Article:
This is not to say that you need to set aside Rock Band completely in favor of watching C-SPAN   and listening to NPR 24/7, but if you know what city you intend to live in when you graduate, or at the very least what state, it makes sense to start paying attention to local politics. Figure out who the key players are and what their policies are.

History and Culture

Beyond that, laws are not created in a vacuum. The law, and particularly the common law created as it is by judicial precedent and the decisions of 12 hopefully not-too-angry men, is shaped by history and culture. Not culture in the sense of museums and the ballet, but culture in the anthropological sense of how people think; what people do with their time; how they spend their money and what they think is moral. For instance, there are two sets of genital mutilation laws recently in the news, male and female. One type is culturally accepted in the U.S. the other is not. So it makes sense to pay attention to cultural battles over legal issues. And of course, you want to keep an eye on what the Supreme Court is doing, because their decisions change the law everywhere in the U.S.

Economics and Job Trends

The legal profession also does not exist in a vacuum, it is influenced by the U.S., state, and local economy. It makes sense to keep an eye on the economy, when you are ready to graduate, you may need to move to another state to find an economy that supports lawyers. Also, there are many ways to use a law degree other than being a lawyer at a law firm. You may want to keep an eye on the types of legal jobs that are cropping up. This allows you time to find and network with people who use their JDs in a nontraditional way and to see if this might be a career path that you prefer, and if it is, you can start networking in that field and shoring up the other skills that you would need for that career.

But I’m already so busy, how do I find time to gather and read more information?


Trade out a small portion of useless activities for a small portion of news acquiring activities. For example, your phone is with you all the time. If you have a smart phone, download a few news apps and trade out 10 minutes of Angry Birds for 10 minutes of listening to NPR.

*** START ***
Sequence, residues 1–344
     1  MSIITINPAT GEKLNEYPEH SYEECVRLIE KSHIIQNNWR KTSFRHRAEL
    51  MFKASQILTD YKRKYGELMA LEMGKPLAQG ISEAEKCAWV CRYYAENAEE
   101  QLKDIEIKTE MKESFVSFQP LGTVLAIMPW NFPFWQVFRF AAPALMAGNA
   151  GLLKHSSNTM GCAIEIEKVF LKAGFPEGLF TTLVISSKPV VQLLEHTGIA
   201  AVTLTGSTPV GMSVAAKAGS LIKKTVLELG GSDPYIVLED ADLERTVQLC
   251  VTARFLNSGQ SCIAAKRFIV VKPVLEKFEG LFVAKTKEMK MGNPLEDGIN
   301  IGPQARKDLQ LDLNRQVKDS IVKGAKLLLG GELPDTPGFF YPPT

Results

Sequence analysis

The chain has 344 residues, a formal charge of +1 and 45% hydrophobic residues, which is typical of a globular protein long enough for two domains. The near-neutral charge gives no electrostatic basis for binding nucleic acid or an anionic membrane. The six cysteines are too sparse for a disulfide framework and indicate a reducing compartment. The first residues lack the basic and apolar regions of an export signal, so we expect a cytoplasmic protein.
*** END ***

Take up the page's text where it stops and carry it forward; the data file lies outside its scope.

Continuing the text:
According to nielsenwire individual Facebook users spend an average of just over six hours a month on Facebook. Use 10 minutes of your FB time to read news. Just hit the like button on a few news sources and they will push news to you, all you have to do is scan your feed and read/listen/watch a few news items and you will be better informed than if you spent those ten minutes playing Farmville. It will also irritate your nonfarmville playing friends much less.


You can also have news items delivered into your email by signing up for RSS feeds. Or subscribing to newsletters and blogs.

Bookmark this News Resource

Also, there is a bookmark bar at the top of your browser. I have created, especially for you, a one stop shop for any kinds of news that you might want to read, (yes, I even put some entertainment news on there, it’s important for you to be able to chat about silly things as well as being informed about that War in that far away country that that environmentalist grad student you have a crush on won’t shut up about). When you are networking, people don’t always want to talk about the heavy stuff. So it’s a good idea to bookmark into your Favourites Bar this News Link so that when you are bored, it’s just as easy to pull up the News pages crafted just for you, by your librarians, Catherine Deane and Patrick Meyer as it is to pull up Facebook.

So go ahead, check it out, bookmark it today, empower yourself, and take charge of your development as a knowledgeable, professional adult pursuing a career in law.

Resources for TJSL Alumni at TJSL Library

Gaining Entry to the Library

In order to gain access to the TJSL library, alumni must request an application for a TJSL borrower card at the 4th Floor Circulation Desk. After that they may show this to the security guards to access the library.

In the Library

Once inside of the library, TJSL alumni may use the ThomCat Catalog to find print materials in the library

After finding the catalog entry for a particular item, they may use these Subject Guides and Maps of the library to locate the item in the stacks.

If, after consulting the ThomCat Catalog and the Library Maps, alumni are unable to find the desired print item, they may ask for help finding print materials in the library at the 4th Floor Circulation Desk (ask for Circulation Librarians Torin Andrews or Hadas Livnat) or  at the Reference Desk during hours when it is staffed.